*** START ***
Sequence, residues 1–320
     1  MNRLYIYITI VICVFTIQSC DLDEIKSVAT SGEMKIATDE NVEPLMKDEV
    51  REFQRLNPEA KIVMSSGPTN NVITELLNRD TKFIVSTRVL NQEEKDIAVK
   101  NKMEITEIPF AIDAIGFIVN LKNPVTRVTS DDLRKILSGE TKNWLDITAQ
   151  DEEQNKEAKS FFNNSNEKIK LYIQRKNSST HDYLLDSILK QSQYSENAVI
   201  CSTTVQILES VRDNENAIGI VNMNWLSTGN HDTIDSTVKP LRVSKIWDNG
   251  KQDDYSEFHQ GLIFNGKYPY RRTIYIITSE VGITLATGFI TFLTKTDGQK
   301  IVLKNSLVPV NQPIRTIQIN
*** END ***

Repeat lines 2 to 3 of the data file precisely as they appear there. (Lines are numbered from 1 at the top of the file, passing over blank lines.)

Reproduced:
     1  MNRLYIYITI VICVFTIQSC DLDEIKSVAT SGEMKIATDE NVEPLMKDEV
    51  REFQRLNPEA KIVMSSGPTN NVITELLNRD TKFIVSTRVL NQEEKDIAVK